Programmatically Installing and Using Your Management Certificate with the New .publishsettings File

Earlier this week we released the Windows Azure SDK 1.6, which includes a lot of great updates to the emulators, tools for Visual Studio, and libraries. One of my favorite additions is a new way to get a management certificate installed into Windows Azure and onto your machine. You can now browse to https://windows.azure.com/download/publishprofile.aspx and login with your Live ID; this process will do two things:

  1. Generate a management certificate that is installed into Windows Azures on your behalf.

  2. Prompts you to download a .publishsettings file which includes an encoded version of your certificate and all of your subscription IDs.

The new tools for Visual Studio let you easily important this file and immediately start working with your subscriptions from within Visual Studio. It’s a much simpler experience than in the past. In fact, on this weeks episode of the Cloud Cover Show (not yet published) Steve and I cover how to use this file from within your own code. While Steve beat me to it and published a great blog post showing some of the things you can do, I thought I’d take this a slightly different way and show you a couple different things:

  • How to install the certificate into your personal certificate store (which is exactly what Visual Studio is doing).

  • How to use the certificate from your person certificate store to make calls to the Service Management API.

The code is very similar. Take a look:

var publishSettingsFile = @"C:\temp\CORP DPE Account-11-16-2011-credentials.publishsettings"; 
XDocument xdoc = XDocument.Load(publishSettingsFile); 

var managementCertbase64string = xdoc.Descendants("PublishProfile").Single().Attribute("ManagementCertificate").Value; 
var importedCert = new X509Certificate2(Convert.FromBase64String(managementCertbase64string));

Now that we’ve imported the certificate, we can extract some information. I’ll grab the certificate thumbprint, which uniquely identifies the certificate—we’ll use it later in the post.

thumbprint = importedCert.Thumbprint;

Additionally, I can grab my subscription ID from the .publishsettings file – this we will also use later.

string subscriptionId = xdoc.Descendants("Subscription").First().Attribute("Id").Value;

Now, we can take our X509Certificate2 and install it directly into our certificate store.

X509Store store = new X509Store(StoreName.My); store.Open(OpenFlags.ReadWrite); store.Add(importedCert); store.Close();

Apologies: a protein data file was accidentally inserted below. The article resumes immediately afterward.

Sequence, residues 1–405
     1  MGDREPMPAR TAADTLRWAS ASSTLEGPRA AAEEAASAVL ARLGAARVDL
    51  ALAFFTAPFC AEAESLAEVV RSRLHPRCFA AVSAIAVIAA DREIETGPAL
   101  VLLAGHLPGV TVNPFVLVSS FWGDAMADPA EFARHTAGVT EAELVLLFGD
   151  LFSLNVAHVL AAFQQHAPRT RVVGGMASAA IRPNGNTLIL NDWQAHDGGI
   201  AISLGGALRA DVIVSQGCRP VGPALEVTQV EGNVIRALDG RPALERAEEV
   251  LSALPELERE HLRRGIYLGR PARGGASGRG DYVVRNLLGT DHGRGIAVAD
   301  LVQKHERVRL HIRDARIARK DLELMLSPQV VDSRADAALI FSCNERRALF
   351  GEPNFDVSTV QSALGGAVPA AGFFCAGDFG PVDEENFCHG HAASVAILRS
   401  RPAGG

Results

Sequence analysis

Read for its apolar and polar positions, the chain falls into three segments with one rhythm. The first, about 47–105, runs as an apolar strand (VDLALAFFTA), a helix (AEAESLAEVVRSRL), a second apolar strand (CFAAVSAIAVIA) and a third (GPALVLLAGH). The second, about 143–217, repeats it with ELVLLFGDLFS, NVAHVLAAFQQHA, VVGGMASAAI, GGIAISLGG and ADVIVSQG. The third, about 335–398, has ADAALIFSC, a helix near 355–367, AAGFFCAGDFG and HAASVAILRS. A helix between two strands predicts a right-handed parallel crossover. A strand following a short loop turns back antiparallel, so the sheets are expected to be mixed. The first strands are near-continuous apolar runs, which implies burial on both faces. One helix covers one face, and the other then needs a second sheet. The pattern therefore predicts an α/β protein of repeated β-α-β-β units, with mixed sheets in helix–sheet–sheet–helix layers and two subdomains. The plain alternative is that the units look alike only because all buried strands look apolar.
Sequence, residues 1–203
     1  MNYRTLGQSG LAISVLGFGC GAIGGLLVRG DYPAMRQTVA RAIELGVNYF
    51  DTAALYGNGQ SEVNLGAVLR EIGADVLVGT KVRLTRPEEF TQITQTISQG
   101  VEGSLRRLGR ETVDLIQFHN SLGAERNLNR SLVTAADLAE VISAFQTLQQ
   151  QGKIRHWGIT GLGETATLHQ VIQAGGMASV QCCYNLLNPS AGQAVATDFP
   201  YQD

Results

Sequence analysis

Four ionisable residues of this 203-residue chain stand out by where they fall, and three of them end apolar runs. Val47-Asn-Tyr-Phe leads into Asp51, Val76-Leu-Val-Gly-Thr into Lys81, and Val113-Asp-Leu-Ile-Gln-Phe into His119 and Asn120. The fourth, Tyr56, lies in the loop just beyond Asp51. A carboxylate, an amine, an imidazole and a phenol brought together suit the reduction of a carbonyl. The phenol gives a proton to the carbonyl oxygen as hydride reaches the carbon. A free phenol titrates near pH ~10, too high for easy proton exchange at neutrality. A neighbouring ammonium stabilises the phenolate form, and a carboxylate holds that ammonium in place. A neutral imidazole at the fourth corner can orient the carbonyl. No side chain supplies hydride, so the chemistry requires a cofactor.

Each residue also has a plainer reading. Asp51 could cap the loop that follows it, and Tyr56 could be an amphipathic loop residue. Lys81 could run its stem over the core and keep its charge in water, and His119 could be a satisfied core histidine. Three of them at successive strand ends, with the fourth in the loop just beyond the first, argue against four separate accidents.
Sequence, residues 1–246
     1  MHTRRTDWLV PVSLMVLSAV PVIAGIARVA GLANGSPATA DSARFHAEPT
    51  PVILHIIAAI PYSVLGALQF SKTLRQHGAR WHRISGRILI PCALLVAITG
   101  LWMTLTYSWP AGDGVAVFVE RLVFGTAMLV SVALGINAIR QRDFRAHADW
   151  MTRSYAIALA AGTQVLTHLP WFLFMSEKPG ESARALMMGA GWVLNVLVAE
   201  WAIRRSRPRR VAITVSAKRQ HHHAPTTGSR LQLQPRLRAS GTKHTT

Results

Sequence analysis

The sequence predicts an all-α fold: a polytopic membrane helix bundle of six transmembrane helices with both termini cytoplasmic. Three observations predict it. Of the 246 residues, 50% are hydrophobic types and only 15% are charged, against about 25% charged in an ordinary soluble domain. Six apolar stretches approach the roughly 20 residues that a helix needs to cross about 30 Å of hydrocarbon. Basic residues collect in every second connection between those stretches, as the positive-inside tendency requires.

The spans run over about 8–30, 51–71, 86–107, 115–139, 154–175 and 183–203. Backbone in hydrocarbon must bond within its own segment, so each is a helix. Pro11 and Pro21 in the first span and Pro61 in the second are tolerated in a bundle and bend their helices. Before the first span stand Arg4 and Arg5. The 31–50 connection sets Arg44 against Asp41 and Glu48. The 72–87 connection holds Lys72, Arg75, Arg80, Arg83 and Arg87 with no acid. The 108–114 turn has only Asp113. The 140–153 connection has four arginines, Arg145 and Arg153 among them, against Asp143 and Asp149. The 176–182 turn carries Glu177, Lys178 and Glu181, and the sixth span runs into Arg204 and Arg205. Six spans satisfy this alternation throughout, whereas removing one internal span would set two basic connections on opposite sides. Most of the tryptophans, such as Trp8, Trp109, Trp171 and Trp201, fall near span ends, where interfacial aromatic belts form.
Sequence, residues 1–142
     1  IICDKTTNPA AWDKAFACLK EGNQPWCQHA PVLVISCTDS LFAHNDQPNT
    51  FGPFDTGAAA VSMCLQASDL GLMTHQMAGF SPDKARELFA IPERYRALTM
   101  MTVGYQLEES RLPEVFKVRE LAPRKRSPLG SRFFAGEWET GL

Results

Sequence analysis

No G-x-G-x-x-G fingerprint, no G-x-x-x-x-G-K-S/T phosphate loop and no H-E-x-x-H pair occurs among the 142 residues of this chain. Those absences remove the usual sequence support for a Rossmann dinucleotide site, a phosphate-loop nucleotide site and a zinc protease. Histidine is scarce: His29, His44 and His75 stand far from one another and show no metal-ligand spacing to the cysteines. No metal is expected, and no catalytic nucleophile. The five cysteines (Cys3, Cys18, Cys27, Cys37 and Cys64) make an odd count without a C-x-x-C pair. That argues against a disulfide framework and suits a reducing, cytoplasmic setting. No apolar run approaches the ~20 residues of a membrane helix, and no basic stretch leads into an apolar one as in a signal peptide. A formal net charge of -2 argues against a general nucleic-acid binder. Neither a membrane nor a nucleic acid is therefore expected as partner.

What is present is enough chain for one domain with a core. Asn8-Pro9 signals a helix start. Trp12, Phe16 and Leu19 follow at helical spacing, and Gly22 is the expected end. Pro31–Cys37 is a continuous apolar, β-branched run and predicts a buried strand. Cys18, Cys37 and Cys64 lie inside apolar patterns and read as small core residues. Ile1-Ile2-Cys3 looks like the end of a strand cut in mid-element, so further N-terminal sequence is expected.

After running this code, you can see that the certificate has been installed into my personal certificate store.

CertMgr

If you select the certificate you’ll see that it’s the same certificate with the same thumbprint.

certificate

Since the certificate is now loaded into the certificate store I can delete the .publishsettings file – I no longer need it. (It’s also a credential that I don’t want to let anyone else get their hands on.)

Now I have the following resources available to me:

  • My X509 certificate loaded in my personal certificate store.

  • The thumbprint for the certificate (which we’ll use to identify the right certificate).

  • My Windows Azure subscription ID.

With this information we can do the exact same thing Steve shows in his post except without the .publishsettings file.

X509Store store = new X509Store(StoreName.My); 
store.Open(OpenFlags.ReadWrite); 

X509Certificate2 managementCert = store.Certificates.Find(X509FindType.FindByThumbprint, thumbrprint, false)[0]; 

var req = (HttpWebRequest)WebRequest.Create(string.Format("https://management.core.windows.net/{0}/services/hostedservices", subscriptionId)); 
req.Headers["x-ms-version"] = "2011-10-01"; 
req.ClientCertificates.Add(managementCert); 

XNamespace xmlns = "http://schemas.microsoft.com/windowsazure"; 

Console.WriteLine(string.Join("\n", XDocument.Load(req.GetResponse().GetResponseStream()).Descendants(xmlns + "ServiceName").Select(n => n.Value).ToArray()));

Essentially, we can grab the certificate out of the certificate store using the thumbprint and then make the exact same call to the service management API.

The console output below shows that I’m able to get a list of all my hosted services:

Console

It’s as simple as that!

I’m not sure that this post applies to everyone—in fact, most of you may find it boring or cryptic—but for those of you that are building content or tools you’ll probably find this a really simple way to automate a lot of the pieces. I know that my team plans to use these techniques in a lot of places to simply the experience of getting started with Windows Azure.

I hope this helps!

comments powered by Disqus